In the early 90’s, when the consumer “World Wide Web” as it exists today was just getting started, it was apparent to many that we would soon be facing some serious security issues. The original Internet was built on trust: trust between universities and research institutes and the security-through-obscurity which came with being the only entities (military and select institutions) that were part of the original Internet. Even in the late nineties, there were not enough people or things connected to the Internet to cause more than mild disruptions should someone figure out how to cause problems. And they did. The Melissa and ILOVEYOU viruses showed email providers and corporations how fragile their servers could be and caused billions of USD in losses worldwide. Productivity was lost but business went on as usual since paper was still used by an overwhelming percentage of organizations.
Living without paper
The underlying technology of the Internet has not changed dramatically since its inception. What has changed is the speed with which we communicate and the number of devices connected to the Internet. We live in a world where almost all facets of our lives are affected in some way by this ubiquitous digital plumbing we call “The Internet”. As has been recently demonstrated, we can no longer travel or even get necessary healthcare without our devices being online and functioning. With the advent of autonomous cars and the Internet of Things (Iot) there will be almost nothing analog left. Security experts have been warning about proper security and security debt for the last two decades. The time to protect ourselves is yesterday.
It’s clear that humans have a bias against long-term threats. Cybersecurity is a long-term threat and needs to be dealt with accordingly. This means a true strategy must be created to deal with the long-term effects of being connected full-time to a global cyber-weapons platform. The following are some necessary steps that all organizations need to take to start to solve this problem:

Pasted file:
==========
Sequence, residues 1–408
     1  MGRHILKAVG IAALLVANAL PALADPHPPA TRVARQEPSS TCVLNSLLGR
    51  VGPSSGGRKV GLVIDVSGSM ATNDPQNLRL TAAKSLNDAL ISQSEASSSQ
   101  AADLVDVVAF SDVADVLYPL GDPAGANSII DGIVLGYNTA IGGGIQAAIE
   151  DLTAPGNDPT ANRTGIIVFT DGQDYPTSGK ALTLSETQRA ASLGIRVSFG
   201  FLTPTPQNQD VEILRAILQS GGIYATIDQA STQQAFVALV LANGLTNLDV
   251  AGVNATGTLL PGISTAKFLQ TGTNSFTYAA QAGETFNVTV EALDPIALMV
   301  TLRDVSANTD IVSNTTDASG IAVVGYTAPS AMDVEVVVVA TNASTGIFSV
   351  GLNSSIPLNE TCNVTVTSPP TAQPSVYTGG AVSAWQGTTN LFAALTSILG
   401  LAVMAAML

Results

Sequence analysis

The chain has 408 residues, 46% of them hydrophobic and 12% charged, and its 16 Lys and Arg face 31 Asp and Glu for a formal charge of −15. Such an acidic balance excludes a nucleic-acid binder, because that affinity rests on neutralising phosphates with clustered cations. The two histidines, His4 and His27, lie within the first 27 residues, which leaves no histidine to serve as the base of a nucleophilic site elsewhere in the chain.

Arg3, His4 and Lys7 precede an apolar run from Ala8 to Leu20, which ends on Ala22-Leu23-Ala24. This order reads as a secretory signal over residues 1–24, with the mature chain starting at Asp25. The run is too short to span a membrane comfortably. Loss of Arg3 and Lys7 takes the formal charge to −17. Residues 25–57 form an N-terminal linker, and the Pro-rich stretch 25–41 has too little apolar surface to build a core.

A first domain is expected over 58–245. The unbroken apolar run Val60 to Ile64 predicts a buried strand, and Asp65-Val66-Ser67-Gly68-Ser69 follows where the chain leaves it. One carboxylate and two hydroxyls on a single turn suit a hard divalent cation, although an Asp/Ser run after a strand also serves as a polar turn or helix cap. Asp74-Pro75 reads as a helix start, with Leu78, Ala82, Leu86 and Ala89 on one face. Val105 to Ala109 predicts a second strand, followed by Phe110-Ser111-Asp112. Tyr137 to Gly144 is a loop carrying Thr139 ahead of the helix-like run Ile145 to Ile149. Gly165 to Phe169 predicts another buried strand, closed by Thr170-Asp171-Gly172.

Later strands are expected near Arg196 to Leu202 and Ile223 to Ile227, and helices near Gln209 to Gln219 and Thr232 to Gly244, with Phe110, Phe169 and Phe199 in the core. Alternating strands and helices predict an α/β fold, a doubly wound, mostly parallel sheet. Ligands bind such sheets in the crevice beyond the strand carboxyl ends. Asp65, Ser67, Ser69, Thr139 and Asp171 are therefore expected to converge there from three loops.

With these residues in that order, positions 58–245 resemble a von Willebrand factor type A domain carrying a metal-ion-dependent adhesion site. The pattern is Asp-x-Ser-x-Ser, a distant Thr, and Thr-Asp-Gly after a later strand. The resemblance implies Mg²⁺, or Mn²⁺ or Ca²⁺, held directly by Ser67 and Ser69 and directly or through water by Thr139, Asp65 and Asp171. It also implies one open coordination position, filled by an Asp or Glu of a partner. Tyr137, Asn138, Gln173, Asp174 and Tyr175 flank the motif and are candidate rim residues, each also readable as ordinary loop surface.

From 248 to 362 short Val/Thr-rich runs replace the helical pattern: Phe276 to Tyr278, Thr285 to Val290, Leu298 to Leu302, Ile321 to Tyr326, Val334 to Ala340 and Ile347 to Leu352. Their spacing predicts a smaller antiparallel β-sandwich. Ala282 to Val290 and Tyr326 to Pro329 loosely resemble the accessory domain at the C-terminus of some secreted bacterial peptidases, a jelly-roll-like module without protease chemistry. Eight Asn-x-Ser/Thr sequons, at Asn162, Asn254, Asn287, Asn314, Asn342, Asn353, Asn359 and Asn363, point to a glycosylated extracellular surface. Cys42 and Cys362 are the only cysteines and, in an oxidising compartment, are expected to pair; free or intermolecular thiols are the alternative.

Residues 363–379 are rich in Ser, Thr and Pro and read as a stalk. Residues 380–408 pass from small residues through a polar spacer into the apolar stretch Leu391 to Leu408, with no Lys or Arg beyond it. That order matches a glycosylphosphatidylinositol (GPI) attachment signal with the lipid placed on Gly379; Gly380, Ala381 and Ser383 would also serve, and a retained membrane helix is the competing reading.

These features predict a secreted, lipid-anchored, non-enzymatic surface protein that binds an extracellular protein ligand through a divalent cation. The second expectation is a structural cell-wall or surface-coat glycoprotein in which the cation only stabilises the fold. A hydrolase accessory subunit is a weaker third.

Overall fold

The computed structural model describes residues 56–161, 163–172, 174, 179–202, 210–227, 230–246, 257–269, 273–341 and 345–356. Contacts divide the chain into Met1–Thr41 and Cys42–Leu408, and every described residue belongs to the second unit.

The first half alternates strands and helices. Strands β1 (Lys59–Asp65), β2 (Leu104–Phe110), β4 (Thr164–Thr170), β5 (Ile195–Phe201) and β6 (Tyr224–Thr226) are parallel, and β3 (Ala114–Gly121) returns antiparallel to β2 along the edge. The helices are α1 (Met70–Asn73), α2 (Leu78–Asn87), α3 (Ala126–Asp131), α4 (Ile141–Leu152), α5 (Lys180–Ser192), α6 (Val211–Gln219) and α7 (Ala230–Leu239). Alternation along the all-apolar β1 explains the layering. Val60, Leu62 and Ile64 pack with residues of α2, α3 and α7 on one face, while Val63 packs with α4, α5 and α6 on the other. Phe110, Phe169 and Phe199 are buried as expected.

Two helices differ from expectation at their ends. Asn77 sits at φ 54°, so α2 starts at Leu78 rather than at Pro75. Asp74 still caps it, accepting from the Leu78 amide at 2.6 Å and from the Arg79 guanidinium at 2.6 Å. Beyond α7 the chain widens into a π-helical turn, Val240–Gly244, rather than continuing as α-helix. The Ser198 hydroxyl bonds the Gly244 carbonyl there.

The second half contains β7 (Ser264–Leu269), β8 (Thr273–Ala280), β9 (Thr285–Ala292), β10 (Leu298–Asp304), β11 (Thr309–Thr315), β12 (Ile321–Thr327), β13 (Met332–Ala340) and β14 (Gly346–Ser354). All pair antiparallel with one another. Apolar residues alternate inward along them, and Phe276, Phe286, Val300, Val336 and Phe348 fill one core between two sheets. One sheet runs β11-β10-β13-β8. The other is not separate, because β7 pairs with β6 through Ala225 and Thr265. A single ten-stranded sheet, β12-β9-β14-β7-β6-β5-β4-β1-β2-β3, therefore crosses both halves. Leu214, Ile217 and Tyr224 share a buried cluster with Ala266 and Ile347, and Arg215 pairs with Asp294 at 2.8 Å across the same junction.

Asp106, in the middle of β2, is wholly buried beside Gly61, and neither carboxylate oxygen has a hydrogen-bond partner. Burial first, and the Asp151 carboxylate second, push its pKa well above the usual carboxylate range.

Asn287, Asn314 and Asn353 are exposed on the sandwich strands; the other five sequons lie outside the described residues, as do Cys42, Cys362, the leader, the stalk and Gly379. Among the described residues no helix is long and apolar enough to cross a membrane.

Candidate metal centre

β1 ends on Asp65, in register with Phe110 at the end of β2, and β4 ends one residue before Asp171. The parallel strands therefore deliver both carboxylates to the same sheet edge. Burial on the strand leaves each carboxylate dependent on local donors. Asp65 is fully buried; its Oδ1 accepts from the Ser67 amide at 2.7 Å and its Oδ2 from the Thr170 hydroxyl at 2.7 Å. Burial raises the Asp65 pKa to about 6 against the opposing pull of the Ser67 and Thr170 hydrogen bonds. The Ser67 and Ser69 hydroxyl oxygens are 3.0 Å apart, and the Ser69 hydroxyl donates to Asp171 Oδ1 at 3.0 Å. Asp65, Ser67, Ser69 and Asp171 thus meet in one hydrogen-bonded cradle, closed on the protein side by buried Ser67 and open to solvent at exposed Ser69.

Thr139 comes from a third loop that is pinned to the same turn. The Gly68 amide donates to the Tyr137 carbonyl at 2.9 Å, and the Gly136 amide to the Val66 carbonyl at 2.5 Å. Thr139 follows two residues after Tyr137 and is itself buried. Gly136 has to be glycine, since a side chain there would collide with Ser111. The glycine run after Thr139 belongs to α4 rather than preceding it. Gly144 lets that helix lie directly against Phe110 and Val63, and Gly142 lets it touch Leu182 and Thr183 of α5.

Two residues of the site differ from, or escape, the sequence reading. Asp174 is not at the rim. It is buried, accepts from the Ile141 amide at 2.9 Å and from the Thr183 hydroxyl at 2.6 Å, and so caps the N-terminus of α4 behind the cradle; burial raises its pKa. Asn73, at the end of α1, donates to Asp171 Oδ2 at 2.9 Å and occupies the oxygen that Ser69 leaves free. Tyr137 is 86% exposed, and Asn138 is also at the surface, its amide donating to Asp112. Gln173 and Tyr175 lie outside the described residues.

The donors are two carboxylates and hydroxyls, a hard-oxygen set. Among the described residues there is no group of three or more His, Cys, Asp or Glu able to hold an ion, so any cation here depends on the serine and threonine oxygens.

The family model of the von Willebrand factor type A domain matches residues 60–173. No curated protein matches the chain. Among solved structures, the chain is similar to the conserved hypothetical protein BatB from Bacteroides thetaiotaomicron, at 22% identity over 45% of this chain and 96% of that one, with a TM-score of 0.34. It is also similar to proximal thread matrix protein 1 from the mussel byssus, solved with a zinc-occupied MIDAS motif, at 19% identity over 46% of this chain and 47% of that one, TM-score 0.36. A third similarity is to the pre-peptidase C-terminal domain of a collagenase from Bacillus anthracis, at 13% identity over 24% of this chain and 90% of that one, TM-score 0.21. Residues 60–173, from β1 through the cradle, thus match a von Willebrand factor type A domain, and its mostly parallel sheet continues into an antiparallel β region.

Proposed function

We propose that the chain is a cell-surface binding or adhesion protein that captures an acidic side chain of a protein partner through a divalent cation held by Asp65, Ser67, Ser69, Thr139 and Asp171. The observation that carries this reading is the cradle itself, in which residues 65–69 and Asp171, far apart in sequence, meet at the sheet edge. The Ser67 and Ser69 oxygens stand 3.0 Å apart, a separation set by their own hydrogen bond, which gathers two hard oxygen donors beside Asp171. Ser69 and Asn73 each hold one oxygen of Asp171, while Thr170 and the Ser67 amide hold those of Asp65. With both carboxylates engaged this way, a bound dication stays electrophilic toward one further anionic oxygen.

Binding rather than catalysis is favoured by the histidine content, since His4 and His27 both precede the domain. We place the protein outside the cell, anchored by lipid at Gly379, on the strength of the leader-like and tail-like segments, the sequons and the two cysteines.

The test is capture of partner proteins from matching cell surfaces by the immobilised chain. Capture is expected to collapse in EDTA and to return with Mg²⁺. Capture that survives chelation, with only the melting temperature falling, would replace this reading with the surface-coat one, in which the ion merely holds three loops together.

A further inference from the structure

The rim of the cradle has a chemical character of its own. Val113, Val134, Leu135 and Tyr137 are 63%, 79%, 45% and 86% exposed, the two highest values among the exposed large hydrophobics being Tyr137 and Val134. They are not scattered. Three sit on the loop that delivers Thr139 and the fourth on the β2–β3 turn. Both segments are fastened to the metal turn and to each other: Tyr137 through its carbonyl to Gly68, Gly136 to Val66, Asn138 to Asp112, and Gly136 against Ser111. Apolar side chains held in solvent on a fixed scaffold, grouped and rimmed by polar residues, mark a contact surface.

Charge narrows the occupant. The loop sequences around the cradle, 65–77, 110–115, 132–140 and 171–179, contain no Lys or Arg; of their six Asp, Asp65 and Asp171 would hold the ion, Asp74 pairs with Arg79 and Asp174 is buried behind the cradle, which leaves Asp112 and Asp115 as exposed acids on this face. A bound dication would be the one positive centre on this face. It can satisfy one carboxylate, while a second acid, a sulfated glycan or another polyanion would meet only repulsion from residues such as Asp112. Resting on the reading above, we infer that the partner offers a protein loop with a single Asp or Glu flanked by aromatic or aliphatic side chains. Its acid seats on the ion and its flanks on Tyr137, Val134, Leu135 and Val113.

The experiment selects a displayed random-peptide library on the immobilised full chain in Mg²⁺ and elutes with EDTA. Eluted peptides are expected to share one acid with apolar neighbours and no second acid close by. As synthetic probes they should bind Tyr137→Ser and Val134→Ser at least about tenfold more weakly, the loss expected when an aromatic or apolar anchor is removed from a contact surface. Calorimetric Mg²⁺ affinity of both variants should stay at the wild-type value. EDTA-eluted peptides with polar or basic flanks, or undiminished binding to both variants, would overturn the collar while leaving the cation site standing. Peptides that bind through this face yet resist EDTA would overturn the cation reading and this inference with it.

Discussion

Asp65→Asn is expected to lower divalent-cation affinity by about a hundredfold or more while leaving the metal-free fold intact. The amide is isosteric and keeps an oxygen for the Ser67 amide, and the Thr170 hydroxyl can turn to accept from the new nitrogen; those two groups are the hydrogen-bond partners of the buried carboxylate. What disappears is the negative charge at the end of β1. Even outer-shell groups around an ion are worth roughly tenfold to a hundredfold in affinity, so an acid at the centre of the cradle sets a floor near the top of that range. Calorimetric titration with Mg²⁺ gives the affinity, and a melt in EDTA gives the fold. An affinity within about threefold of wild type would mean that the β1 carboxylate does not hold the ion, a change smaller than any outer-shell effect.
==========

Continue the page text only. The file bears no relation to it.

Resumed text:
- Move cybersecurity outside of IT;
- Increase cybersecurity spend to a double-digit percentage of the overall budget (independent of IT);
- Engage expert guidance to tune out vendor noise and determine what is most effective from a people, process and technology perspective;
- Identify security-friendly employees across the organization and develop them;
- Embed cybersecurity into the culture;
- Embrace cybersecurity as a business driver rather than a business inhibitor;
- Ensure visibility of security metrics on (at least) a monthly basis.
Cybersecurity today is analogous to automobile safety. Consider a moderately mature approach to cybersecurity to be the same as wearing seat belts in a car. Seat belts have been around since the 50’s but were not required in all vehicles in the US until 1968. Many countries did not legislate their use until the 80’s. Today we have airbags, ABS and improved safety systems which have increased automobile safety tremendously. In cyber, we are in the pre-seat belt legislation era. Many organizations are not even using seat belts. If organizations continue to drive at high speed on the Internet without changing their attitude towards safety, the consequences will be fatal.